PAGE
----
Comb Honey

Bees build honeycombs in order to store honey which is naturally capped to seal off moisture. Comb honey is created when bees are given foundationless frames rather than the normal bee frames with support.  They will build their own cell-like combs to store their honey. 

Bees produce more honey during the season of maximum nectar flow  Beekeepers will usually remove the old honeycombs to make way for new ones during this season as the bees continue to create the wax chambers..

This method also allows pieces of full comb honey to be placed in the jar as an ornamental display. This style of honey presentation is priced by honey connoisseurs and foodies. 

Honey By Extraction

The first step in the extraction process is to break the caps manually or through an automated capping machine. The bits of wax still found in the honey is further refined and drained for waxed products like beeswax candles.

During this process, the bee propolis, which has medicinal value, is also harvested. Propolis is the bee glue that honeybees produce by mixing saliva with beeswax. Bees use it as a sealant to create cells in the beehive.  

The honey frames are then placed in a honey extractor machine that removes the wax sediments by a spinning, centrifugal force. This rotating and spinning action extracts the honey at a regulated speed. The honey extractor machine can be either tangential or radial in set up. The tangential design empties one side of a frame at a time and then is flipped over to empty the other side. The radial model allows the worker to insert smaller honey frames. This machine empties honey from both sides of the frame at the same time without having to stop the machine. 

This process will allow the honey to flow into a storage container. It is then strained again to refine the honey. A moisture check is done to ensure that the honey contains less than 17% water. The honey will then be graded and bottled for sale.

Crush and Strain Method

The crush and strain method is a manual way of separating the honey from the beeswax. The process starts by crushing the honey-laden comb, mashing it up and straining it through a cheesecloth. The composite is then covered with a cloth and allowed to sit in the bowl for a day or two so that all the honey is collected properly. This will separate the honey from the beeswax.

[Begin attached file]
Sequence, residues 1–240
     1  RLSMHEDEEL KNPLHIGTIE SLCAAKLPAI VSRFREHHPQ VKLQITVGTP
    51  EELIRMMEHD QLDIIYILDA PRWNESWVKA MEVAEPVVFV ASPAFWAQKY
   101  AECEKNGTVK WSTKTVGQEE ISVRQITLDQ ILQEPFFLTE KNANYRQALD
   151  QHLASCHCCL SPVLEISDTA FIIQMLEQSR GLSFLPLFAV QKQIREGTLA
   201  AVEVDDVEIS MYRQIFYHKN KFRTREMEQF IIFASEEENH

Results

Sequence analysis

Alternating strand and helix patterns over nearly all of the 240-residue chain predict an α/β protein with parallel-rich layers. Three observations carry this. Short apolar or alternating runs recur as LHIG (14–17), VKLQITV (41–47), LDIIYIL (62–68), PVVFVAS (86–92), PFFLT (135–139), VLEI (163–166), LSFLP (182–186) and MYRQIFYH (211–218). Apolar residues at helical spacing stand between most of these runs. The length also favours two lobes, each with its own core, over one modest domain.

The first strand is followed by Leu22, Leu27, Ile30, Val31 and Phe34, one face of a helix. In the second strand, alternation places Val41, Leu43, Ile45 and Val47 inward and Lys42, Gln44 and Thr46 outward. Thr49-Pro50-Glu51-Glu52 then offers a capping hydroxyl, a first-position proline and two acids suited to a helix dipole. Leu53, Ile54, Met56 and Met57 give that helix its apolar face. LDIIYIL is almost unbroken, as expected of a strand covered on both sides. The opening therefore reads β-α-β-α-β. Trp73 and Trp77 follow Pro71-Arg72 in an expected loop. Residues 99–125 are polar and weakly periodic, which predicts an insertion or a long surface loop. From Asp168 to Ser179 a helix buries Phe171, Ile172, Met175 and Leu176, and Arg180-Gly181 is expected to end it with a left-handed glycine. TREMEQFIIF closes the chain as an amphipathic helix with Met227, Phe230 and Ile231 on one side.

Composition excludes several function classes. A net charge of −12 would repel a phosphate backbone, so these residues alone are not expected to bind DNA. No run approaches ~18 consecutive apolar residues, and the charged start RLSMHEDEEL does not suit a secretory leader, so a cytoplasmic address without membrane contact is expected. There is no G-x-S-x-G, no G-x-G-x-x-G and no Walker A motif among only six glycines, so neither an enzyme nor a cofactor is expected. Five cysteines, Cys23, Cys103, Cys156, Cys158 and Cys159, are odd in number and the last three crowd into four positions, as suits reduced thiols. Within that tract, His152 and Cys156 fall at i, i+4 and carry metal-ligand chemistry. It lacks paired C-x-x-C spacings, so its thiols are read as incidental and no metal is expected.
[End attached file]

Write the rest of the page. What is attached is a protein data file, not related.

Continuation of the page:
What is the rarest honey type?

The rarest honey type in the world is honey made by giant Himalayan bees called Apis Dorsata. The honey is called mad honey or hallucinogenic honey.  Mad honey has a dark, reddish colour and is slightly bitter. It comes from Nepal and Turkey. The honey has medicinal properties and may cause hallucinations, a slower heartbeat, temporary paralysis or unconsciousness.

Uses of Honey

There are many uses of Honey, which  includes treating burns, improving memory, treating herpes, managing diabetes, treating cancer, curing haemorrhoids, treating wounds and ulcers, enhancing fertility and psoriasis. For weight loss, clover honey is good for you. Clover honey is sweet with a mildly floral taste. It is rich in minerals and antioxidants. The best honey brand for weight loss is honey that can act as a sugar substitute. 

Which type of honey is best?

There are about 300 honey varieties in  the world.  The honey that is best for you would depend on your purpose of taking the honey.  There are also some best honey for tea. There are medicinal honey varieties if you wish to improve your health. One of the most sought after honey for its antibacterial agents is manuka honey. Produced in New Zealand from the flowers of the Tea Tree bush, manuka honey is especially effective in healing wounds and diabetic ulcers and a whole host of health benefits. To know more, click here for FAQs on Manuka Honey.

The four types of honey discussed above will have given you a good idea on selecting the right honey types suitable for your lifestyle and nutritional needs. 


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“Honey Types”

Lovely “Harvesting Honey: The Crushing and Straining Method” (17 June, 2016)  [Accessed 9 July, 2020]